|Typical types of attacks||• Malware attacks • Distributed Denial-of-Service (DDoS) attacks • Sabotage or disruption of critical infrastructure/ services • Misinformation and misdirection||• DDoS • Malware attacks • Misinformation and misdirection||• DDoS • Malware attacks • Ransomware|
|Examples||• Malware attacks on Albania's public systems attributed to Iran (2022) • Attacks on Ukrainian telecommunications system during the Russian invasion of Crimea (2014)||• Misinformation campaign suggesting a coup against Chinese President Xi Jinping (2022) • Widely reported operations of hacking groups such as Syrian Electronic Army and Anonymous||• Ransomware attack on Ireland’s Health Service Executive (2021) • Data breach of India’s government ID database, Aadhar (2018) • Attack on the Bangladeshi central bank, with $81 million stolen by cyber criminals (2016)|
|Source: S&P Global Ratings.|
Sovereign Ratings Are Relatively Resilient To Cyber Attacks
We have not yet taken any sovereign rating actions as a direct result of cyber-related incidents.
Our sovereign criteria pertain to sovereign governments and monetary authorities and their ability and willingness to service financial obligations to commercial creditors (see "Sovereign Rating Methodology," Dec. 18, 2017). The foundation of our sovereign credit analysis rests on five pillars (see chart 1).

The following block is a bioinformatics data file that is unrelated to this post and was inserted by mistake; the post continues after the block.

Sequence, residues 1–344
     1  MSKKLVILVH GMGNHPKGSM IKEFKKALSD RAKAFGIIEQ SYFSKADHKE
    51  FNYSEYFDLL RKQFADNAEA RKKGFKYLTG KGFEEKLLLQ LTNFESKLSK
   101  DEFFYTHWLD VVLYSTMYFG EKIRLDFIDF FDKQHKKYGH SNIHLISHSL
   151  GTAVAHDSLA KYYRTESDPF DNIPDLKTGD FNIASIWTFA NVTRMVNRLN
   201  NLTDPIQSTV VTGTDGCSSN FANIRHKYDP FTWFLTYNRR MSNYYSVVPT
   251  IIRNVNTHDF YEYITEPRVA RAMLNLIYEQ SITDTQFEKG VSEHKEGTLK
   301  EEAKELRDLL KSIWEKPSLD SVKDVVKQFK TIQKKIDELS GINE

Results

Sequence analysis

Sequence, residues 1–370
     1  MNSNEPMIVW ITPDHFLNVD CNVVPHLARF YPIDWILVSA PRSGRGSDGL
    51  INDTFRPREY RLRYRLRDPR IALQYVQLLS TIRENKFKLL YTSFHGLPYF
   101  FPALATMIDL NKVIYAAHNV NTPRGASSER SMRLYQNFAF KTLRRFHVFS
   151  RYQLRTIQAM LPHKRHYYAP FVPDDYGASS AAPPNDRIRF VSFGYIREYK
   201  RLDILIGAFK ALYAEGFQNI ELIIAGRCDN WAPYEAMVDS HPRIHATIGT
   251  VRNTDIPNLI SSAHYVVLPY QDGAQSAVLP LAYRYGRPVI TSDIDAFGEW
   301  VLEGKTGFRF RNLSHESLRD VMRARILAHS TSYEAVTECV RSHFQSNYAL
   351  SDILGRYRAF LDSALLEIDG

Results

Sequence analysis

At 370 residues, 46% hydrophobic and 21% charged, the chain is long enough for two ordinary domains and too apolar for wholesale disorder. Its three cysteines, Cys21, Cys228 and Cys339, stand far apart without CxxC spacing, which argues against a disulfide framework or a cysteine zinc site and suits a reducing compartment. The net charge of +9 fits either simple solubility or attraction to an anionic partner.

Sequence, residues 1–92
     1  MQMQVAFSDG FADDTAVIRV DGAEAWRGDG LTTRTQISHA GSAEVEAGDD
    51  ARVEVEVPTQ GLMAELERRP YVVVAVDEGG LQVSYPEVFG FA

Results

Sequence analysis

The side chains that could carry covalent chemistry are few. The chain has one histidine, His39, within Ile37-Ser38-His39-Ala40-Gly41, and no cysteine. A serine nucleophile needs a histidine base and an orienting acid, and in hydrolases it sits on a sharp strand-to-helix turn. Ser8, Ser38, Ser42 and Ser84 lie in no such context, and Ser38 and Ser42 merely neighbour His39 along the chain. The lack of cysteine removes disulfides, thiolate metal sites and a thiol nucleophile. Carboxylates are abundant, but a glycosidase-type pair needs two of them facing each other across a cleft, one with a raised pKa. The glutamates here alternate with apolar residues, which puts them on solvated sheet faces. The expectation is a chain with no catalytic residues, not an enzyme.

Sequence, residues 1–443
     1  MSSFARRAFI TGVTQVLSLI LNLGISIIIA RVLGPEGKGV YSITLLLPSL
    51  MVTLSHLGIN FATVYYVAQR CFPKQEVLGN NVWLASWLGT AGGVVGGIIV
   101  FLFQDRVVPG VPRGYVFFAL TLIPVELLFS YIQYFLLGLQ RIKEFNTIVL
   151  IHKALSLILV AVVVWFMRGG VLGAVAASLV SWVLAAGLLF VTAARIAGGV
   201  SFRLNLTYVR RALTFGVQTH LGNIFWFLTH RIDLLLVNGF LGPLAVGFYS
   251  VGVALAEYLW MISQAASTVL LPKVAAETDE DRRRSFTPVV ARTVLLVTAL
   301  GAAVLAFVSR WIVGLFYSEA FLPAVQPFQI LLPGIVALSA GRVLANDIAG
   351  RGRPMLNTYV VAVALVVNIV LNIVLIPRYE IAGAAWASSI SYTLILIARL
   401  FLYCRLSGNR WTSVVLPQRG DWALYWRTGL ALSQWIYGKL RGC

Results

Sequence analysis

Cyber incidents are unpredictable, and can affect one or more of the five credit factors. However, they are unlikely to be severe or sustained for long enough to hinder the sovereign's debt servicing ability, in our view.
Sovereigns, unlike most corporates and other entities, benefit from deep fiscal resources thanks to tax collection and other receipts from a diverse economic base. They also have non-financial resources, or advantages, such as the ability to change regulations and tax policies, the option to draw on the wider public system (including state governments, municipalities, social security and pension systems, other government related entities, and the military), and the possibility of support from foreign governments and their agencies. We also do not consider the risk that an attack could directly hinder timely and full payment of debts to be significant as it would require third-party systems at clearing houses and banks to be affected at the same time.